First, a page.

I don’t know if I should be discouraged by these awkward musical moments by Trey or be hopeful because it shows he is trying something new and creative.  I do feel that Trey sometimes loses sight of what the band around him is trying to do, though.  Take 11/28/2009’s Ghost from Albany, NY; the Seven Below>Ghost that opens the second set is a favorite for fans that were waiting for them to bust out some extended improvisation (the two songs clocked in at around 50 minutes), including me.  However, despite all the hype behind this Ghost, which is certainly fun and refreshing, I still think it’s over rated.  There are a few different occasions where the band finally gets locked into something when Trey goes off on his own thing and forces the band to change as well.  In this clip –  – it’s towards the end of the song.  Phish had just gone through a number of impressive jam segments and it’s coming to a band peak.  Fishman is ready for Trey to peak when Trey goes off on this direction-less and noodley tangent.  Fish even tries to save him at the 13 second mark in this clip by rolling, hoping Trey will catch on and snap out of what he’s doing.  Around the 40 second mark Fish and the rest of the band had little else they can do with Trey playing like that and it all slows down, eventually fading into ambient sound and ending the song (then playing Cool it Down>Gotta Jibboo, which is awesome).  The point is, this version of Ghost could have been the hands-down best jam of 2009 if Trey would have gotten off whatever weird tangent he was on and just rolled on top of the band’s support behind him.  Mike was clearly on fire in that Ghost and Fishman came out to rock.  Page, Mike and Fish were all making for an enormous peak at the end when Trey did what was in the clip, instead of exploding (what he is so good at and what we go to see).
I’m not trying to come off as bashing Trey, but I’m also not going to fluff everything up that he does (like a certain online blogger), that would take away from the times when he really does nail things.  It’s still the best Ghost of 2009, with Miami’s in a somewhat close second.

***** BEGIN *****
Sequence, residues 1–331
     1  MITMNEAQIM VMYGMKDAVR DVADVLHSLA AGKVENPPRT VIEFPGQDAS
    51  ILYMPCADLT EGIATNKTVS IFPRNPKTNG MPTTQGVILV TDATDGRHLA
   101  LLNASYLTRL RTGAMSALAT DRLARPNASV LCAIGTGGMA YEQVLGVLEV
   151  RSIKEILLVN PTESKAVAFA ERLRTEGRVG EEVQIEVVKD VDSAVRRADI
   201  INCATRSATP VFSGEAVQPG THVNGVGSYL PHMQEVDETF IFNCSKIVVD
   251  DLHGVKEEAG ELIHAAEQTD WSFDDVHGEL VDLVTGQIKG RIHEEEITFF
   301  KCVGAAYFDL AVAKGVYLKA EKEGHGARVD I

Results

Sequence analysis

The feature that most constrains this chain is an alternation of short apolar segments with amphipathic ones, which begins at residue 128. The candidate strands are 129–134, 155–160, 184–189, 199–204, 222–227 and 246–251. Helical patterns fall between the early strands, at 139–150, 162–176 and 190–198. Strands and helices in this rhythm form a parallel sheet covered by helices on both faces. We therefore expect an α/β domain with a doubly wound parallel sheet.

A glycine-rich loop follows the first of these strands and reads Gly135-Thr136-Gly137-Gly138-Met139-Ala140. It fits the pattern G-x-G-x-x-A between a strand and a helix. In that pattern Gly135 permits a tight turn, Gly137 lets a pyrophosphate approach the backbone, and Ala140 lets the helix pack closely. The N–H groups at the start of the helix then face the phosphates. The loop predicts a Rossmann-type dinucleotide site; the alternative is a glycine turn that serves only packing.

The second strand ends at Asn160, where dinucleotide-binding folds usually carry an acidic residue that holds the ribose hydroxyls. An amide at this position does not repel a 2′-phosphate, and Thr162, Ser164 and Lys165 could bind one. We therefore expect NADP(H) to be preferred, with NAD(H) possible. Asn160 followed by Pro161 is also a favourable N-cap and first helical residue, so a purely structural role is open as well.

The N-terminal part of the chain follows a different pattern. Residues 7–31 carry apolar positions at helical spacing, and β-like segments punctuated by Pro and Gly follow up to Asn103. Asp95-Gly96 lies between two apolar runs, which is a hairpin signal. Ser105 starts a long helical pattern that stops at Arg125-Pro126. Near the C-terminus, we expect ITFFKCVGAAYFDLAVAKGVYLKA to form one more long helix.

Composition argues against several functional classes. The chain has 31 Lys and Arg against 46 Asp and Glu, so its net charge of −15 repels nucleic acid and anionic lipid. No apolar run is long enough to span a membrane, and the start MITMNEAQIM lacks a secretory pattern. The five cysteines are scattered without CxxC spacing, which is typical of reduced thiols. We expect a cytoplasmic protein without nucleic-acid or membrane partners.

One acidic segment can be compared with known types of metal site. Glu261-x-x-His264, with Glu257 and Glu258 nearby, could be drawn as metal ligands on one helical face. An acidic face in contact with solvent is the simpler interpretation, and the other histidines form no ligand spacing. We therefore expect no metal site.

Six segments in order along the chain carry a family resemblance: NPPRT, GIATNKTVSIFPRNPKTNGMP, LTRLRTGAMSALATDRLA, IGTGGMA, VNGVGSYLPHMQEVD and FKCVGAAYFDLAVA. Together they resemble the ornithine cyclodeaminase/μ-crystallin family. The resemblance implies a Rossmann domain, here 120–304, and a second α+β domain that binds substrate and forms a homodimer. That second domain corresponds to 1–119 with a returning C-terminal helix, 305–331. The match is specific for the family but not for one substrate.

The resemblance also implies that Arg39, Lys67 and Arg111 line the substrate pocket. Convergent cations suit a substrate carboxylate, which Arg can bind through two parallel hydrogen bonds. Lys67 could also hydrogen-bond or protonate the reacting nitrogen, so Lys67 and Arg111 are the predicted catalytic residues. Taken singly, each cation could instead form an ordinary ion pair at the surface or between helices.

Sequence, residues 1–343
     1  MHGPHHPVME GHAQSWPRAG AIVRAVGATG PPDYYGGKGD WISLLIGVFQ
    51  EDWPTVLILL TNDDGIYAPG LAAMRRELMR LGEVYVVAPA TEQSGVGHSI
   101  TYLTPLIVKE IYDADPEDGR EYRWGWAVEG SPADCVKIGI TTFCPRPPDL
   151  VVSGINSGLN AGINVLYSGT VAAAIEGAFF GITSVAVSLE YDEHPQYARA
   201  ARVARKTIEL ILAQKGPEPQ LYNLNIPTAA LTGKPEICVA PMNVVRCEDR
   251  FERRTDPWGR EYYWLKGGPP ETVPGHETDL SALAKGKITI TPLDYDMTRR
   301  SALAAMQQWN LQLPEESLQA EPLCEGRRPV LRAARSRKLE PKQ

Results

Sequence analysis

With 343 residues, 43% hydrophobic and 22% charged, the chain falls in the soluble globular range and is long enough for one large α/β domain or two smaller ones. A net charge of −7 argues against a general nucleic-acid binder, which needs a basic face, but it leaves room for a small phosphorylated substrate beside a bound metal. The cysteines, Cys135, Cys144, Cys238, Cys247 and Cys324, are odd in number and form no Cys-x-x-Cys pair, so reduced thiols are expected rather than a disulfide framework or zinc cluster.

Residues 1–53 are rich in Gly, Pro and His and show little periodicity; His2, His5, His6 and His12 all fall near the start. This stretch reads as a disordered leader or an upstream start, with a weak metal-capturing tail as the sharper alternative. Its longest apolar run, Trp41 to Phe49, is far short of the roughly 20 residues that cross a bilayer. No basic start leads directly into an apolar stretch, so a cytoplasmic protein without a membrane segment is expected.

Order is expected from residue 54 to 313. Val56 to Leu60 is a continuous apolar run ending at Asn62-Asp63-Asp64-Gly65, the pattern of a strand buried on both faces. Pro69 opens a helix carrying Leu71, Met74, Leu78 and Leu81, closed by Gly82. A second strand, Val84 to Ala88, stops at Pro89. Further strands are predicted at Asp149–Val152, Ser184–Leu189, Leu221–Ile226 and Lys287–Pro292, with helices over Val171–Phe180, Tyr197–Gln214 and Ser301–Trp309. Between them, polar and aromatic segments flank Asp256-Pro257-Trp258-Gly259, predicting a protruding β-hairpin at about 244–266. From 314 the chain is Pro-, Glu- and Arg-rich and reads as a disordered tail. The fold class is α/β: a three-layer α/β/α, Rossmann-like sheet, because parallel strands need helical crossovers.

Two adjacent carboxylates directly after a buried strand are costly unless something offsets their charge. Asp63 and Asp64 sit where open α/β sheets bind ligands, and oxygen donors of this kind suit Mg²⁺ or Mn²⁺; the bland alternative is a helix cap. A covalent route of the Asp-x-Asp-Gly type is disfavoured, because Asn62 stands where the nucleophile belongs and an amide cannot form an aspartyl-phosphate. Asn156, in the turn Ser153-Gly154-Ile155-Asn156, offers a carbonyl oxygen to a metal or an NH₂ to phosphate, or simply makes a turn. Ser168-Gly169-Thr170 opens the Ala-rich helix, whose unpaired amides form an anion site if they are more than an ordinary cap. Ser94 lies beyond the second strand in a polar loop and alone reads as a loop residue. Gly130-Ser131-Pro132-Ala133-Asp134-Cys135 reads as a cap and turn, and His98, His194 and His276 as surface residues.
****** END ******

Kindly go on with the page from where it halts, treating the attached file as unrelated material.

Moral of the story: bring back the old school delay loops!

This Post’s Related Shows:


Thursday, 12/03/2009 Madison Square Garden, New York, NY

Notes: This show was part of the three-show Festival 8. Playbills were distributed on-site (beginning at 12:30pm, 8 hours in advance) confirming that the second set (the band’s “musical costume”) would be the Rolling Stones’ Exile on Main St. After Divided Sky, Trey acknowledged the beauty of the venue and announced that Page would now play a love song to the lawn since it was the first time they had played on grass in a long time. Antelope’s lyrics were changed to  “Been you to have any Coil, man?” (The Coil was an art installation on the venue grounds.) Set 2 began with a video highlighting selections of the 99 classic albums displayed and then systematically eliminated on the web site leading up to the festival. Selections in the montage included snippets from Michael Jackson’s Thriller, T Rex’s Electric Warrior, Metallica’s Master of Puppets, Miles Davis’s A Tribute to Jack Johnson, Fleetwood Mac’s Rumours and The Doors (self titled), among others. All of the Exile on Main St songs were Phish debuts, except for Loving Cup and Sweet Virginia. All songs in the second set except for Casino Boogie, Torn and Frayed, and I Just Want To See His Face featured Dave Guy on trumpet, David Smith on trombone, and Tony Jarvis on saxophone. Tumbling Dice, Sweet Virginia, and Loving Cup through Soul Survivor also featured Sharon Jones and Saundra Williams on backup vocals. Trey introduced the horn section after Tumbling Dice and again after the completion of the costume, before saying “We are the Rolling Stones. See you later.” Suzy Greenberg was played with Jones, Williams, and the horns. This show featured the first Sweet Virginia since September 26, 1999 (173 shows)

Tuesday, 12/29/2009 American Airlines Arena, Miami, FL

Saturday, 11/28/2009 Times Union Center, Albany, NY

Notes: This show featured the first Uncle Pen since July 11, 2000 (129 shows). Ghost contained a tease of Seven Below.